Skip to main content

Thank you for visiting nature.com. You are using a browser version with limited support for CSS. To obtain the best experience, we recommend you use a more up to date browser (or turn off compatibility mode in Internet Explorer). In the meantime, to ensure continued support, we are displaying the site without styles and JavaScript.

Publishing

Halt self-citation in impact measures

We can improve the gender differences in science publishing and research (see V. Larivière et al. Nature 504, 211–213; 2013) by making measurements of scientific output and impact fairer.

For example, time spent on active research should be incorporated into assessments of research productivity. This would provide a fairer comparison for researchers who take parental leave or who have other caring duties or high teaching loads, and would reduce the pressure on those scientists.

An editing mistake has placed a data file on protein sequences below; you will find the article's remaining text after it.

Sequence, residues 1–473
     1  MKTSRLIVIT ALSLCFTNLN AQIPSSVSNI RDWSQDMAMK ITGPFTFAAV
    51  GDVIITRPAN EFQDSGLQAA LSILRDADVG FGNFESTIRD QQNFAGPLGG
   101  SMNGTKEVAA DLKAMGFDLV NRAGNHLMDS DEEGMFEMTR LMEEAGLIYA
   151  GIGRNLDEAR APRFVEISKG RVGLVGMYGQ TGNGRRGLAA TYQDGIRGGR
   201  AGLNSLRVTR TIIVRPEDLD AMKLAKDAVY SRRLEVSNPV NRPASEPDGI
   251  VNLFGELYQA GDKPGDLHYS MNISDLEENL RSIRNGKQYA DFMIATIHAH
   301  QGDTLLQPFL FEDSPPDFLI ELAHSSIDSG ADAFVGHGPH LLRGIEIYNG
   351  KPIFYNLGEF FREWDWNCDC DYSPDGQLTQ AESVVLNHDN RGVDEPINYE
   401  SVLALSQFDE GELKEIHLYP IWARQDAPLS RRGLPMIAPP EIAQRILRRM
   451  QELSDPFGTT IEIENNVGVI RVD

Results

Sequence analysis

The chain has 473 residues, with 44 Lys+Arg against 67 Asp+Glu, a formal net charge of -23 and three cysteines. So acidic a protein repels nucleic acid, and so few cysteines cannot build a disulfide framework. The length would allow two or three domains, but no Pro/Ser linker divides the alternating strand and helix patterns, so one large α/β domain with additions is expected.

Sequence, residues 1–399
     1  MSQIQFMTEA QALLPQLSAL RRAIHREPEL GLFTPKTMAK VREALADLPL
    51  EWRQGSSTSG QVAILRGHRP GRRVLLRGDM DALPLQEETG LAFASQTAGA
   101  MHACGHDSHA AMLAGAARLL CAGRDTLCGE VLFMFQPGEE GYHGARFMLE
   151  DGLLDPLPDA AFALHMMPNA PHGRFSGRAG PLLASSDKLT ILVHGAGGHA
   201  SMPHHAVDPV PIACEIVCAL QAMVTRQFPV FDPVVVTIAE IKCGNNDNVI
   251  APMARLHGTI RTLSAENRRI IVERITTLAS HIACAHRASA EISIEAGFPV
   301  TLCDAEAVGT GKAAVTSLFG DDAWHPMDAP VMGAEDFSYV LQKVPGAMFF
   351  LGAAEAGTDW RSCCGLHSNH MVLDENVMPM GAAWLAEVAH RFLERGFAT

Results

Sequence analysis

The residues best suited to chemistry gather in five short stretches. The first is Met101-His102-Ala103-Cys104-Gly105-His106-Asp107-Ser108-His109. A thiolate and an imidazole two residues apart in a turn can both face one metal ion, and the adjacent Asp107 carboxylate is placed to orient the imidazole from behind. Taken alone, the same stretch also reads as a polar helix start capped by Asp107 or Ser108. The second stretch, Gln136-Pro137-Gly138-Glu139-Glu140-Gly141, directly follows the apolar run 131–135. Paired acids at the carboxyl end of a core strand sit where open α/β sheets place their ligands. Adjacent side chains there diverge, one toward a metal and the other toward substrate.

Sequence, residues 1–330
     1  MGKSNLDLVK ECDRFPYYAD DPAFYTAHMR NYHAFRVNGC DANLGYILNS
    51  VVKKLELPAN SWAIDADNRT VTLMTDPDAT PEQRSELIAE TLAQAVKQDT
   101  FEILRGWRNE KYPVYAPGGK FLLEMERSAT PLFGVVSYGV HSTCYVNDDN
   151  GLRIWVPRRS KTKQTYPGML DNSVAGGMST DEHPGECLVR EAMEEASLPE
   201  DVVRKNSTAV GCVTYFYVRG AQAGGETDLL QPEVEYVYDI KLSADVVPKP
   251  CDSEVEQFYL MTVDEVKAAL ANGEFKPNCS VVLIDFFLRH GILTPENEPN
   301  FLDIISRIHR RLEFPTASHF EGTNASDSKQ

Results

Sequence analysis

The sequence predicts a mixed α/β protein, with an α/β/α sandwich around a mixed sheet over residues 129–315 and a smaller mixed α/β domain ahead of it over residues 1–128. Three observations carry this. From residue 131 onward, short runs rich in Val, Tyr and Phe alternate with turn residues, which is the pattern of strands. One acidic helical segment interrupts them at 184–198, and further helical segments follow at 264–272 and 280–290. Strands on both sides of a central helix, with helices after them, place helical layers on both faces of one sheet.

It would also be useful to halt the inclusion of author self-citations in measures of research impact, because self-citation is a male-biased practice (E. Z. Cameron et al. Trends Ecol. Evol. 28, 7–8; 2013). After all, genuine impact hinges on independent citation.

Author information

Authors and Affiliations

Authors

Corresponding author

Correspondence to Elissa Z. Cameron.

Rights and permissions

Reprints and Permissions

About this article

Cite this article

Cameron, E., Edwards, A. & White, A. Halt self-citation in impact measures. Nature 505, 160 (2014). https://doi.org/10.1038/505160b

Download citation

  • Published:

  • Issue Date:

  • DOI: https://doi.org/10.1038/505160b

Search

Quick links

Nature Briefing

Sign up for the Nature Briefing newsletter — what matters in science, free to your inbox daily.

Get the most important science stories of the day, free in your inbox. Sign up for Nature Briefing